The AI-Native Podcast: Trell

The retail landscape is witnessing a new wave of disruption. As the lines between social media and commerce become increasingly blurred, social commerce is changing the way products are purchased today.

Meet Pulkit Agrawal, the CEO, and co-founder of Trell, India’s largest social commerce platform. Launched in 2017, Trell is on a two-fold mission. The first is to enable users to connect with relevant content creators and discover lifestyle trends around their interests and the second is to empower homegrown brands to become more discoverable.

Tune into this episode of The AI-Native Podcast by, and listen to Pulkit, in conversation with Ashwini Asokan, CEO, and founder of, talk about:

The story of Trell since its inception and the success it’s seen over the last few years
Trell’s unique bottoms-up, community-led approach for brand curation and all the different ways it’s enhancing content discoverability
How Trell is democratizing today’s branded market space
How the platform has succeeded in user retention with over 45 million monthly active users
The areas where Trell is implementing AI and the impact it's had so far on the business
Pulkit’s vision for the platform and how he sees Trell evolving in the near future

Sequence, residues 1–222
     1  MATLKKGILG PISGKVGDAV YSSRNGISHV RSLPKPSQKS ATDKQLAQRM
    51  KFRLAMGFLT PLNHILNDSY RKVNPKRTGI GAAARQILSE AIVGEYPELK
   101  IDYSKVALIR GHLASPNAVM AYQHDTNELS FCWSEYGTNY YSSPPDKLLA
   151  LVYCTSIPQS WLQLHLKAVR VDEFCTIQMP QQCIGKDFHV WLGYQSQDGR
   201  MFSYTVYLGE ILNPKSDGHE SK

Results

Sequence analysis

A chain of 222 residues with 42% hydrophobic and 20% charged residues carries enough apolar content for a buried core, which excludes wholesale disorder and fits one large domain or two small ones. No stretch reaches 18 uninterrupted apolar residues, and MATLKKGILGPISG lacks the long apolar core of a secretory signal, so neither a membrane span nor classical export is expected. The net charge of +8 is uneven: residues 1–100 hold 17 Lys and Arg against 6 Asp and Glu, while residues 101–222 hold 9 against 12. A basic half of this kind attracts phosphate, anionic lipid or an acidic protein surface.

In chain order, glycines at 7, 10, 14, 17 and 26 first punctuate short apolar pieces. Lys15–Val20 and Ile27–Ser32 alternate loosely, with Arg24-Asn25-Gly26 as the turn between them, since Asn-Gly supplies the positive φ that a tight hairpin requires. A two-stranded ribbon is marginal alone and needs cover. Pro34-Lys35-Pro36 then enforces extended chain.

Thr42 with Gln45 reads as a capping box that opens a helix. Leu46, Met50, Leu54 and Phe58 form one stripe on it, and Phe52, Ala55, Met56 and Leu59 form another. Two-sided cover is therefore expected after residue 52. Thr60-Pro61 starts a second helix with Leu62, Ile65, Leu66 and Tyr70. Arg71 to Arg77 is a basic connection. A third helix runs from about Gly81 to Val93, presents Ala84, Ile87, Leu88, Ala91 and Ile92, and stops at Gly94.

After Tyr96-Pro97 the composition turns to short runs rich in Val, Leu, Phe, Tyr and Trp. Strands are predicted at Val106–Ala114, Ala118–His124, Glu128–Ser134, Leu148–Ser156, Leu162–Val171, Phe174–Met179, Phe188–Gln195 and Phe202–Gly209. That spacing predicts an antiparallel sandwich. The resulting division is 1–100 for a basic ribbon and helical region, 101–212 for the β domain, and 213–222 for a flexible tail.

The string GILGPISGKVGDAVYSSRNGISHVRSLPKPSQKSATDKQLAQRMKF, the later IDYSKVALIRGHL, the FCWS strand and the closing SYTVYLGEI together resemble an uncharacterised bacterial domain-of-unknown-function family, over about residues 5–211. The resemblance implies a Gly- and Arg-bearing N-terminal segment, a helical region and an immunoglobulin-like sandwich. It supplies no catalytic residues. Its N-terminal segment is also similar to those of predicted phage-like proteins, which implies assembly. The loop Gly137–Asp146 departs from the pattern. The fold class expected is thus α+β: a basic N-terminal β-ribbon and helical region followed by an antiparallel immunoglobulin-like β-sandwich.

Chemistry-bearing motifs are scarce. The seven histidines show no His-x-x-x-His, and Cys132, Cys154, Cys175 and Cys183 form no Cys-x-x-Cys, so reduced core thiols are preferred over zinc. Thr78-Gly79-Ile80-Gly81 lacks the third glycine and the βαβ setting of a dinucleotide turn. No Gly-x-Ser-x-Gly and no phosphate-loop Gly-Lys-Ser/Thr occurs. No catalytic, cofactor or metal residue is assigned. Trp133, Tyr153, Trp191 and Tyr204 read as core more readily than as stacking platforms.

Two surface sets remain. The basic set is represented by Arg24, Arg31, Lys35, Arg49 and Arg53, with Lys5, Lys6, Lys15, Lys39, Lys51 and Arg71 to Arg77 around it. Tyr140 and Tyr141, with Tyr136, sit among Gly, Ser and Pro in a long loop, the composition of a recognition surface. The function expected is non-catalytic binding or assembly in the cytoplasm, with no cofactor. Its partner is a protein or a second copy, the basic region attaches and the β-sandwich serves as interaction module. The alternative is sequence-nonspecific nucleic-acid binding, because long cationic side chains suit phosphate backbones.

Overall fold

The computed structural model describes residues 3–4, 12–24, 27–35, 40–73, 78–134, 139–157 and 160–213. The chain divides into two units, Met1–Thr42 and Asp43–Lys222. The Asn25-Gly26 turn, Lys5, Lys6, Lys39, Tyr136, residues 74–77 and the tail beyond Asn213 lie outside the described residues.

Akshara Subramanian: Welcome to a brand new episode of the AI-Native Podcast by, where we talk to business leaders across the world about their journeys with A.I. Our guest for today is Pulkit Agrawal, the CEO and co-founder of Trell, India's largest lifestyle commerce app. Launched in 2017, Trell has emerged as one of the largest social commerce platforms in India with 45 million monthly active users. Trell's mission in India is two-fold. First, it enables users to connect with relevant content creators and discover lifestyle trends around their interests across categories such as beauty, fashion, and wellness, among others. Its second mission is to empower homegrown brands to reach out to its massive audience through its robust network of influencers or Key Opinion Leaders, as they like to call them. With the social commerce segment in India projected to reach $70 billion by 2030, Trell is poised to be at the forefront of the social commerce revolution. Pulkit will be in conversation with Ashwini Asokan, the CEO, and founder of - the A.I. platform that's enabling the next generation of businesses to become AI-Natives. They'll be talking about Trell's journey, their tech stack, social commerce, and more! Welcome, Pulkit and Ashwini, I'm glad to have both of you here. Pulkit Agrawal: Great, thanks a lot Akshara and Ashwini, for having me over here. Glad to be speaking with you in this podcast. Ashwini Asokan: Really exciting to have you Pulkit. I've been waiting for this for quite a while now. There's a lot to be said about the space you're in right now, especially as it relates to the markets in India in this space. So very excited to see what you have to say. Akshara Subramanian: So first up, Pulkit, congratulations on your fundraise. It's been very exciting to see the milestones that Trell has been scaling, especially since we've been following Trell's journey for some time now. It's quite an interesting story. You started off in 2017 as a video blogging platform with a vision to bring meaningful content to the average consumer. And today, you're one of India's largest lifestyle social commerce platforms catering to over 45 million monthly active users. Tell us a little bit more of the story of Trell since inception and the success you've seen over the last few years. Pulkit Agrawal: Sure, thanks, Akshara. I start a bit from why we started Trell, right. So, me, being a foodie and my other co-founders who are into backpacking, gadgets, fashion, etc, used to scout for a lot of meaningful content on the internet, right, and we were still in college at that point in time, this was probably 2015-2016. And being a college student, you had these regular queries, right? Like how do you dress up for various occasions, be it parties, or weddings, or dates, etc? Or how do you cook basic recipes from your hostel room with limited appliances and ingredients that are present? Or, let's say, how do you find a lot of street-food destinations around you, right? Because being a foodie, I like to explore a lot of things around it. And whenever we used to scout for these queries on the internet, right and search for it, we used to end up with a lot of content, which was very Westernized in culture and context, for example, when it comes to cooking, they would suggest something involving cocoa powder, marshmallows, baking. Being a guy coming from a Tier-2 city, I didn't relate with any of these terms and I had to literally Google about the meaning of them. Similarly, when it comes to fashion, they would suggest you things which are very Westernized in context, like, for example, for almost all the occasions, they would suggest you tuxedos with tight pants and those kinds of things which do not work in a cultural set up like Indian weddings, right? And we said that hey, it's becoming difficult to really relate with the content which is there on the Internet. And given that we are facing this problem ourselves, just imagine tomorrow, 99% percent of the Indians, when they would be coming on the Internet, they'll be having a really horrible experience, right, they will not be able to search and find something of their own native. And this is where we said that we need to solve for the discovery of meaningful content on the Internet to enable people to make better decisions or lifestyle choices. And that's how the journey started, just for kind of solving this problem. In the initial days, when we, kind of, went about it. It was more like a chicken-egg problem. "How do you start?" And one of the things that we learned about it is that if we want this solution to be scalable, to be able to impact the lives of the last node in the country, then it has to be a community, a very large community, which is essentially enabling this content coming from the roots and corners of India or, let's say, specific regions and being able to share what they do in their day-to-day stuff, to inspire somebody like us to make those decisions. So that's how we kind of arrived, to one of the problems, one of the solutions for the problem, that is "how do we build a community of people who are passionate to talk about all of these interests on the internet in Indian languages?" This is where we said that in order to build a community initially, you don't require any app or anything kind of a tool. What you require is this ability to understand what ties this community together? What is that fundamental thing because of which they would want to bond together with each other, share their experiences, etc? So what we did was, we went onto the existing distribution channels like Facebook groups, YouTube, Instagram, Twitter, and all of these channels. We started to kind of get in touch with a lot of bloggers, photographers, foodies, lifestyle experts, etc. When we got in touch with them, we started to, kind of, curate some of the videos and photographs that they have taken and started ourselves as a very simple Instagram page or a Facebook page. And then we started curating content and sharing it on these platforms, right. So a lot of these guys had great multimedia, but they did not have any sort of distribution. So, we curated all of this content and started sharing it on the internet and this is where, in a matter of, like, 6 months, we kind of grew from almost 0 users to more than 100,000 followers across Instagram and the other channels that we had. And that gave us a huge confidence in saying that, "Hey, with 0 money spent if we could engage so many users by just sharing meaningful content in regional languages, just imagine if this community comes on a central platform, it could kind of, just blow up.” And those were the initial days in which we said that, "Hey, there is certainly a lot of demand for this kind of content, as we initially started out for. But how do you kind of solve for the content creation? How do you, kind of, get more and more content creators to do the same activity that we were doing?" This is where, in the initial days, we used to meet a lot of these bloggers, photographers, experts through meet-ups, right. We used to have photographic meet-ups, food meet-ups, lifestyle meetups, etc wherein used to invite people together to share their experiences in the offline world. And we used to understand, you know, the limited people who are creating the content, why they're doing it, and what's really stopping others to kind of really do it on the Internet. This is where we gathered 2 major insights about the users in India, which led to the formation of Trell. The first insight that we gathered about our users was that if you see in India today, a lot of people like to call themselves by these second names that "I want to be a foodie, I want to be a traveler, I want to be a fashionista. I want to be a backpacker". And they take so much pride in calling themselves by these second names and they want to make it as a value chain. Now, this kind of behavior did not exist like 10 years back, 15 years back, that this was a very recent phenomenon where people wanted to kind of, build something like this. And this is why we said that the future of this is going to be a community which was, kind of, going to revolve around the interest and passion of people. Wherein they want to, kind of, switch their 9-to-5s to these interests and passion. And there's no community today online which is catering to it. Like, where is a platform wherein you could call yourself as a stylist, where is a platform where you would call yourself as a fashionista, where can you share your experiences about your discoveries of travel or expeditions? So this is where we found a gap in the ecosystem. And we said that "Hey, we can make a platform where people would be recognized by these names or these characteristics." The second thing that we learned during those days was that if you see if you meet all of these bloggers in the offline world, they are amazing storytellers. They take you through about, how they go about cooking various recipes for various occasions, what goes through their mind when they're, kind of, deciding to do something for an occasion. While they travel, what kind of things they, kind of, think about when they're going there, what kind of experiences they have over there, while they decide a dress for an occasion, what goes through their mind and they're very vocal about it and amazing storytellers, like, you get so many insights and so many learnings when you kind of sit with them and do this. But when you see their online profiles, let's say for a matter of fact, their Instagram profile, you see fragmented photographs, without any description, not giving you any insight about what this person actually knows. So a storyteller in the offline world becomes a photographer in the online world and there was a certain mismatch that was there. And we tried to understand why that is happening. When you kind of double tap on that, you realize that in the offline world, they're speaking in their native languages, they're speaking in Hindi, Marathi, or whatever they are comfortable with. Whereas in the online world, they feel that it's more of an English place, it's a glossy world that people are going to London, Paris, etc and they're going to share everything in English because everybody thinks so. And that is not something which they're comfortable with, which inhibited, to be able to express more freely in the online world. So we understood that languages are going to play a very major role in order to make the audience comfortable, to express freely and casually about all of these experiences that they're going through. So that was the second insight. And we said that today in order to make or enable people to be able to express in their own languages, it could be only done through visual platforms because we as Indians have not been trained on vernacular keyboards or regional keyboards to be able to express so well in the form of text. And that is where we needed something which is as intuitive and as easy like a video to be able to do that. So we combined all of these insights together in order to come up with a visual blogging tool, in 2017. And this is how we launched Trell as a visual blogging tool for people to express about their passion and interest on the Internet. That's what led to the germination of Trell and the rest is history. Ashwini Asokan: I absolutely love those two insights and the way that you actually broke down that, like one pillar being storytelling - how do you actually get, and the storytelling part, if anything seems very tied to identity like you were talking about, like I am backpacker, I am a fashionista, or a blogger, or whatever. It feels like, almost like a space where people are, it's like blogging 2.0, really. Except you're doing it through a visual medium, largely that's one way. But on the other hand, the native language, the vernacular part of it is something that we've been very interested in. We've been chatting about how you guys launched Trell in the Tamil, and Trell in Telugu, and Trell in like, and it was fantastic to watch, kind of you guys launching each one by each state. Tell us a little bit about that tension between having so many languages coexist, because if you think largely about most of the other Indian video platforms in India, I mean, most of it is in Hindi, right, for the most part. And you might have a couple of different vernaculars, a couple of other languages there from the north. But it's not, it's not where people go to share across different languages, in whatever language that they speak. I mean, it's not the same way as the way, was there tension between those choices? Between saying, "Hey, you know, we're pushing someone purely from a storytelling, say whatever story you want." And at the same time, there's also a little bit of like micro-communities, right? There is this hyper-local version of this, because you want it to be specific to that language, specific to the state. Some of the content obviously will transcend language and state, I'm sure, but it feels like there's a bit of both going on. Can you tell us a little bit about how you work that? How does that work for you? Pulkit Agrawal: So I think one of the biggest fallacies is that when somebody creates content, you give them a language to select and post over there, right? What was important to understand was whether these languages become micro-communities in themselves or it should be kind of a very open platform wherein people post whatever in whatever language they want, right and I think when we retrospected about that, we related it with some of our own personal experiences. So while I was there in IIT-Mumbai, there used to be a lot of local groups, like Marathi groups used to be called Baaghi, and they used to have these South Indian groups, especially Tamil had separate groups, Telugu people had separate groups etc, wherein they used to kind of feel like home. They shared instances and stories around each other, and that's where they had a lot of comfort to be able to come up with stories in their natives. And then when we kind of shifted to Bangalore, to, kind of, look at the community here because we were interacting with a lot of Kannada audience who are here, we found that when you kind of talk to the localites, they like to speak in their native and be able to kind of converse in the language of the people around them and specially saying the anecdotes, which are very, very local and shows the pop culture of that region. So for example, I might not be following some of the movies over here in Kollywood or Tollywood, and they would speak some instances of that and 5 people around you would know all about it and they would laugh at that joke, but I might just completely be zoned out about it. Whereas I think some of the movie instance, let's say, from a North Indian, Hindi movie, they might have not watched it then they might not relate with it. So we understood for a matter of fact, that there are already micro-communities existing in our country, wherein people are able to touch base on the anecdotes and the local insights and be able to kind of do conversation around. And because we could see this happening in the offline world, we said, "Hey, this will happen in the online world, as well". Wherein they would want a community which is more comfortable in their own languages and hence we need to, kind of, enable these micro-communities on the platform. And hence, when you come on Trell, we first ask you, "Hey, what is your specific language?" So that we are able to connect you with that audience as a micro-community. But we don't restrict you to consume content only from that language on the basis of the engagement, we enable more languages like Hindi and English, which you might be speaking right, because in India, almost everybody's multilingual, they know a regional language, plus they know either Hindi or English to kind of go ahead with it. So those were some of the things that we had, with our experience with some of the community that we, kind of, saw, sprinkling around us and we made it a part of the product journey. And hence, you see, we enable micro-communities across languages. Akshara Subramanian: Great story there Pulkit, and I think there are some other interesting things that really stood out for us. One was introducing the shop feature on your platform and being able to expand your platform to social commerce. Ernst and Young recently said that social commerce is what's helping India move from interaction to transactions. So we're seeing social commerce really gain momentum and market projections look upward of 70 billion by 2030. But what is it like on the ground, right? How are you seeing the demand for social commerce grow? Pulkit Agrawal: Absolutely, when we started Trell we never thought that we would do social commerce. It was something, we wanted, that came to us, right? We started working on this whole segment, 2 years back, when social commerce was, as a word, not coined. When we started working on videos as a vlog, vlog was not coined as a word, today vlog is the mainstream. When we started working on social commerce, I don't think people knew what social commerce means and it happened more naturally to was. Talking about on-ground, the way, it kind of came into the picture for us, is that if you think about these influencers who are emerging on a platform like Trell, who are sharing meaningful content that you and essentially educating you about various experiences and their passion that they discovered, you start to see that all of these influencers are nothing but content creators and nothing but subject matter experts. They know something about their interest in fashion very deeply as compared to anybody else. Now, if you think about how these subject matter experts eventually monetize their content over a period of time, they typically do it through either writing a blog on a WordPress or on a on various other sites, like integrating either the ads or the subscription or affiliate coupons. These were the three, kind of, modes through which they monetize. For us, it was very important that if we wanted to unlock this value for the large Indian masses, our content creators who are sharing content should be able to earn sustainably from the platform. That is what will motivate them to be able to share more of these insights, experiences with the larger crowd and be able to help them in making a better choice around their passion. So that was a fundamental thesis that "How do we enable these people to become micro-entrepreneurs?" We understand that there are 3 ways in which people typically monetize, and we understood, as a matter of fact, from our consumer behavior that a lot of users were asking these influencers on comments that, "Hey, this dress that you're wearing today is very interesting. Where did you buy this? And can I contact you, can I pay you to buy this?" Or let's say, "the product that you're applying, where buy this product from?" So we could already see that users are essentially looking out for these products, asking influencers or Key Opinion Leaders about where they could shop that from. And we said, let's combine these 2 insights together and launch commerce, wherein we could get brands onboard, onboard, on the platform. They could essentially partner with these influencers or Key Opinion Leaders to educate the last audience or the users about the benefits or the usage of these products. And at the end of the day, if the sales happen, the user gets to get the product that they would always searching for while they were watching the videos, influencer gets to earn out of it and brands get the visibility till the last node of the country, and because it made intuitive sense for us, we said, "Hey, we'll go deep into social commerce, enable commerce for these influencers. And let's see how it would work out.” Fortunately, things have worked out well for us. Ashwini Asokan: I mean, you almost want to say this right? It feels like, you know, with every brand, like every brand wants discoverability, like, how does a brand get discovered? I think even on Twitter just a couple of days ago, this is everywhere. Every brand wants to know how they get discovered, right. D2C brands are all the news today, right and discoverability is such a problem for them. For a platform like Trell, you guys have users, like people who are coming to just enjoy the video, you guys have, like influencers, which is people who are actively creating that content and influencing specific decisions, right? And then you have brands where kind of the third, it almost feels like, other than the first part of the conversation, we just had which was all about storytelling, local language representation, like, there seems to be a whole other part of it that is triggered by the social commerce which is the bringing together of people who, shoppers, you know, influencers and brands. Tell us a little bit about how you are curating brands, what role do they play here and how you're curating these three different sets of stakeholders almost, sitting on your platform today? Pulkit Agrawal: So I think when you, kind of, think about the brands right, what they're looking for in the first phase is the feedback when they're kind of coming up with new products, when they're coming up in new formulations like they're looking for the feedback from subject matter experts, which can help them in improving and solving really the needs of the customer that this is targeted for. With the help of Trell, they are able to get in touch with these influencers and be able to really make the formulations right so that they get a product-market fit in some sense. The second stage that brands are looking for is building awareness and trust in the ecosystem. The only way that they could do that is by ensuring that they partner with people who already have trust in the ecosystem and these influencers over a long period of time have built enough trust with the consumers by making sure they're talking about authenticity and they're talking about the things that really matter to the influencer. Now, when these brands, kind of, partner with these influencers, they're able to essentially talk about the things which work out for you, as a user and which does not work for you, as a user, which essentially builds trust on the product or service that the brand was talking about. Second, what it leads to is a word of mouth. So, awareness just solves from the content. Essentially, word of mouth, helps you in understanding that, "Hey, how this product could become better over a period of time? How it could reach the nooks and corners of the country." And that can happen through content and not just by advertisement. So this is where essentially brands have understood, for a matter of fact, that the creativity and storytelling of influencers and subject matter experts play a very important role in essentially establishing trust, awareness, and viability for them. And this is where essentially we step in and essentially help brands in, kind of, partnering with the right influencers through the algorithms that we have. Whenever a brand comes we understand what they stand for, what kind of audience they are making their product for and what kind of USPs they have that they want specifically look out for. And then we find the influencers who kind of match the similar profile, who has the audience which might be interested in what this brand is offering, and through the matchmaking of algorithms, we provide them some of the influencers' list who might be willing to talk about the product. Whenever brands kind of, shortlist certain influencers they want to work with, we check with the influencers if they are interested in the product and the partnership happens. So that's a very simple process in which there is a buy-in from a brand that is a buy-in from the influencer who believes that the product is useful, in case they find it useful, and then they create content authentically to educate the masses about it. And this helps everybody in the ecosystem, to be able to go for them. And that is what essentially as a system we have built to enable brands to get distribution. That is one thing. Second thing you touched upon about the D2C industry right, I think there is plethora of space for various brands to exist in India. We are just scratching the surface today. If you think about India from the origin, we are a very heterogeneous market, very sparse market, within every 200-500 kilometers the products that people use, the language people use, the things that they do in their day-to-day life changes. For example, let's say in the southern part of our country, Mysore Sandal soap is very popular. But when you go to the northern part of the industry, probably something like a Dove or something like a different brand might be popular. When you go to the east, they have all different recipes. They kind of really make herbal products around tea, coffee, etc. If you see within our country itself, right, various parts of the country have very localized brands, very localized consumption, and all of them are large industries in the day-to-day world. This is yet to happen to the internet, right? The internet is still very much homogeneous in terms of the kind of brands you see today, right? And in the next 10 years, you will see a lot of localized and regional brands coming up, catering to the needs of the core audience very well and becoming large with that. So these are some of the things that we see can only happen if you have this all community together. You have influencers who can educate you. You know that you can target audience with them. You know that you can cater to a need of an audience, with your products. Ashwini Asokan: I mean it's really interesting. To be honest with you, this is the first time I've heard a little bit about, you know, every time you look at a platform, any kind of a social platform, there's a lot of top-down pushing of brands, right. Where the system or the platform curates the brands and then ends up pushing it. Even if you make someone like Instagram, if you take any of the bigger guys as well as the smaller guys, there's a very clear push. Like certain brands get their pages where you can shop. It's not available to everybody. It's less of a bottoms-up kind of, a bubbling of brands and it's more of a top-down structure. It's really interesting because what you just said is the exact opposite of that. You're talking about discoverability of brands that are super local, emerging because influencers and people in the ecosystem are pulling them, pulling brands rather than pushing brands down. That's a really fascinating concept. Yeah, yeah. Pulkit Agrawal: And I think, you know, hence the eCommerce will become more democratized over a period of time. Today on the regular eCommerce site you are able to discover limited brands. For example, if I ask you about the smartphone brands, you would be able to answer, probably like 4-5 brands which you would know, but there would be a lot of local brands also, which might be of great quality, which you are not aware of today. How do they get visibility? They can only get visibility if there is somebody who is educating the masses about it. And on the basis of their product power, then they can try some other thing. Ashwini Asokan: Really cool. It's really cool. Pulkit Agrawal: We're democratizing the whole branded marketplace, now. Akshara Subramanian: That's really interesting, Pulkit. And actually, you know, we had had a conversation with one of the D2C founders of the brand Dot&Key, so they were talking about how their initial product line was fairly straightforward. It was just a bunch of skincare products, but they basically sourced, crowd-sourced ideas from communities and from their community and from their influencers and then they were able to create a cellulite specific range or like a skin pigmentation specific range. And they wouldn't have been, they actively say that they wouldn't have been able to do that without the community. So I feel like that's such a large part of the success of all of these 3 stakeholders together. And I think the other thing you were talking about was the algorithm's basically helping connect brands and influencers, because in even in Instagram's case like Ashwini pointed out, brands go searching for people. You don't really have algorithms, they go searching for people and they're also looking at what the other brands are investing in. And it's not necessarily a fit for them. They just look at, "OK, these are the top five influencers in India. I'll go put my money in there as well, whether it's a fit or not." So I feel like that's, again, such a huge you know, that that person that plays the matchmaking role in between, that's a huge role to play. So I think that's very exciting to see how that works when all three are put together. I feel like that's really interesting. Pulkit Agrawal: Absolutely, just to add to that note, right, that even if you talk about the people, across the country, right, they have very different skin types, they have very different needs depending upon the climate and the temperature they're living in. If you go to Jammu & Kashmir, things will be very cold, versus, let's say you go to Rajasthan where are just things are very dry versus probably, let's say, Mumbai where the weather is probably humid. Akshara Subramanian: And Chennai, where it's so humid, you're always melting so yeah. Pulkit Agrawal: You cannot have one product, one fit for all, you cannot. We had to live with it in the past because there were limited opportunities and limited brands. But going ahead, with this education, people will be able to make more empowered choices about what they want to spend on. Akshara Subramanian: And in fact, that's actually kind of connected to my next question. A large part of the popularity of this format is kind of the sense of familiarity that it provides to each of these influencers, as well as the users that are working and looking at working with these influencers, given how vast and diverse the Indian population is, like you pointed out, talk to us about how you've succeeded in user retention. How do you keep bringing people back to the platform? How are you able to consistently engage with them or is a large part of it just the partnerships itself? We like to know a lot more about that. Pulkit Agrawal: Yeah, I think that is a different problem statement, right? How do kind of, ensure that users engage and use your platform on a continuous basis? There's a lot of science and art that goes into building that. But simply, I think fundamentally the process is to understand what are the interests of a user that is coming onto your platform, understanding it through the data, matching it with your ML algorithms, and being able to show them what they're really looking for. So we have this entire team, which essentially only works towards retention of users. Their aim is to be able to profile them better, understand their attitudes, what age group, what gender, what geography, what kind of phone they're using, what network they're using, and then understanding what kind of content that they’re engaging with, what kind of influencer they are engaging with, right. So we take, like, more than a 100 data sets about an individual customer to be able to profile them really well, and then on the basis of the kind of content and the influencers who are creating this content on the phone, you matchmake them in order to build a community out of it. So how do you kind of show a consumer the right thing or influencer with whom they would want to kind of consume content? So, just sharing one of the anecdotes we were discussing within the team, right, every content creator in the same genre appeals to a different kind of audience. Let's say, if you talk about comedy for a matter of fact, AIB appeals to a lot of mass premium and premium audience. Then you go to a TVF that is more like a massier audience, more tier-2 audience or engineering audience, in their audience. When you go to let's say when you go to even the other players like Bhuvan Bam, they appeal to all sorts of mass audience and you can make out that, "Hey, these 3 different kinds of comedians or creators appeal to different sets of audiences just because of the anecdotes that they're sharing, it's so relatable to that set of audience.” Our aim is to be able to identify what kind of creator appeals to what kind of audience and be able to enable that matchmaking so that they could follow their content over a period of time. And all of that is done through profiling of everyone and establishing ML algorithms in between. Akshara Subramanian: Yeah, actually, that's really interesting because I was you know, I'm also thinking about how influencers make money on Trell versus how they make money on Instagram because, on Instagram off-late, I think influencers are constantly complaining about the fact that their content is not bumped up visually enough. But here they actually have an audience that's fairly curated for them. So they have their own niche audience and people that they can appeal to without worrying to lose a lot of other, I think, sets of audiences. Pulkit Agrawal: Absolutely, we have a separate following tab wherein we don't touch with the algorithms, it's kind of chronological in nature. If you follow a certain person, you get to see their content. We don't play around with that over there. Our algorithm’s job is just to matchmake the right influencer with the right person. Akshara Subramanian: That's amazing because, I mean, I think with Instagram, what's happened is that that's how it used to be 7-8 years ago. But today, obviously, that I think Instagram's benefit is about how many people engage with their platform. It's become about them and less about creators. So I feel like content creators are really struggling, especially the smaller ones, right, in the, say, the 10-50k range that want to go after that 100k range and be able to curate. So they always have like these Instagram rates and all of these things that are, that just don't make sense. You have to be in a certain bucket to actually be considered a real influencer. All these rules are there on Instagram, which I feel frustrates content creators. And I think that's where an app like Trell can make it so much more valuable and easy for them to tell their stories. Pulkit Agrawal: Sure, absolutely. I think, see, the way the philosophy with which Instagrams and the Facebooks of the world have developed is very different from the philosophy with which we have come. Their main aim was to connect people, they never spoke about, "You know, we want to empower creators." Which is not you know, their core forte. Every platform comes with their own philosophies and you know what, what do they really stand for and I think this is where we are very clear that we want to empower these creators to be able to really build an engaging audience and then be able to make a sustainable living, right, by various sources of income that we could generate for them on the platform. And hence we see that in the world of internet where you are located, does not matter in how much you earn. In the historical world, if you are in a Tier-1 city, that determines that, "Ok, you must be earning more than somebody in a Tier-3 city or something like that." And the internet just does not respect it, internet says, that it doesn't matter where you are, you have the equal opportunity. All you need to do is put in the right efforts in the right direction. So I think that is something which we as a platform, believe, at our very core, that we're enabling it for the ecosystem. Akshara Subramanian: Yeah, absolutely. Ok, so we're going to switch gears a little bit and kind of move into the tech side of things. So you've been very open about how the platform leverages the A.I./ML and algorithms to offer both creators as well as users, the best experience. So what do you, talk to about the areas where you're implementing A.I. and the impact it's had so far on Trell and the business. Pulkit Agrawal: Absolutely, I think if you talk about Trell, fundamentally, it's built on the ML and A.I. technologies that we are developing, right? And the idea is how do we use the application of this technology to incur benefit to the end consumers or the stakeholders involved in the ecosystem. When you kind of talk about that, I think India is at the cusp of real A.I. revolution. The reason for that is now internet has penetrated to more than 700 million internet users. Everybody's interacting on the Internet with various kinds of needs and motivation, which essentially leads to humungous data. And there is a need to be able to process this data really well to be able to get various outcomes. The outcomes can be showing the relevant product, the relevant ad, the relevant creator, the relevant content, what not, right, anything that you can imagine. So for us, we believe that this is fundamentally a very important aspect for us as an organization and we invest heavily into it. Now, the way we see the future is that in India, going forward, you would find all of these users, kind of, interacting with various ecosystems and they will be kind of sharing about their habits and about their way of living life onto these various ecosystems. And whosoever is able to leverage AI/ML to deliver the best user experience is going to be the one who's going to win. So we do not see AI/ML in isolation, we see it as a part of something which is delivering an experience to the end consumer. And whosoever does it well would eventually make the most value of it for everyone involved. Now getting into the specifics, for us, Trell, as I mentioned, we look into the matchmaking of the creators with the brands, we look at the matchmaking of users with creators, we look at breaking down of content into various buckets about what this content is about, what language it belongs to, what specific things people are talking about in content. So we do all the way from computer vision to essentially NLP technologies to be able to process this. What India also, offers as an opportunity is regional languages, right? And nobody has been able to kind of, really build a great outcome of the regional languages or build a personalized AI/ML engine for regional languages, because people have just come online. You could not have a historical model developed for these languages to be able to cater to that hobby. And this is where I think it gives a level playing field to almost everybody who technology enthusiast to create something, right, for this audience by decoding speech etc. Akshara Subramanian: Absolutely. And that brings us to the last question. So there's clearly no dearth of opportunity and growth in India right now, like you pointed out when it comes to social commerce and obviously Trell is leading the pack. What are your plans for expansion for the future? And how do you see the platform evolving into something much larger than it is today? Pulkit Agrawal: Sure, so we imagined Trell as a digital society where people come, interact to exchange, meaningful content to make better choices in life. And in this whole ecosystem that we are developing, we have various stakeholders, we have our users who are coming to discover and buy lifestyle trends. We have content creators who essentially looking for essentially building meaningful content, their profile and make a living out of this. And then you have brands out looking for the new ways of interacting with the consumers through word of mouth. I think so there are exciting opportunities itself that we are unlocking today. In terms of plans, we’ll just keep building this community to be even larger and into more categories. We'll expand our social commerce offerings, right, to more and more users and more and more categories and become that go-to destination for people wherein they could really do everything around lifestyle so that's where we are. Akshara Subramanian: I love what you said about the digital society, Ashwini Asokan: Me too, me too. I absolutely love that particular framing of the social world, with commerce in it, and with key players in it, as well as everybody doing it in their own language. I feel like their own languages. I feel like such a lovely combination of things that come together. Pulkit, I only have one question for you, which is, you know, everybody is saying Tik-Tok is coming back, you've got Instagram kind of really moving and a lot of people kind of participating in that. How do you see competition? How do you see the story of video panning out in India and the role of Trell there in the long term? Pulkit Agrawal: I think we have always been focused upon the consumers and their needs. We never cared about Facebook, Instagram, Youtube, Pinterest being there in the ecosystem. Tik-Tok came, India got it banned, Tik-Tok gone, yes it helped somehow. But I don't think any of these competitors or any of these references, for the matter of fact, are trying to solve the problem rather than this is where I think as long as we keep our focus on consumers, understand their needs and keep innovating on top of it, right? It doesn't matter what those are doing, we will be able to find our way. And that's how we kind of operate. Akshara Subramanian: All right. That was wonderful. I think that brings us to the end of the podcast. Thank you so much Pulkit. I think we learned plenty and we've been like, super into the conversation throughout just because of how I think it resonates with all of us, even on a personal level, not just from a work standpoint so thank you so much for doing this and we hope to connect soon. Pulkit Agrawal: Thank you so much Ashwini and Akshara for inviting me. Always a pleasure to speak with you folks. And the best for your remaining series. Akshara Subramanian: For more episodes on why businesses need to be innovative and to understand how companies are using digital transformation to grow, head over to the AI-Native Podcast by to get your monthly dose of all things A.I. See you next time, buh bye.